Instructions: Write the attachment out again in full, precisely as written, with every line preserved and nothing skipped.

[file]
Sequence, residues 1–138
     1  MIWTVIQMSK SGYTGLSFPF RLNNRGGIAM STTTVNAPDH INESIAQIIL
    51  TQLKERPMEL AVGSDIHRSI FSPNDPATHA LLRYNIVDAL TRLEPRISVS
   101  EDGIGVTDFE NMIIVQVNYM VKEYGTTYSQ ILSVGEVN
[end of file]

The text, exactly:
Sequence, residues 1–138
     1  MIWTVIQMSK SGYTGLSFPF RLNNRGGIAM STTTVNAPDH INESIAQIIL
    51  TQLKERPMEL AVGSDIHRSI FSPNDPATHA LLRYNIVDAL TRLEPRISVS
   101  EDGIGVTDFE NMIIVQVNYM VKEYGTTYSQ ILSVGEVN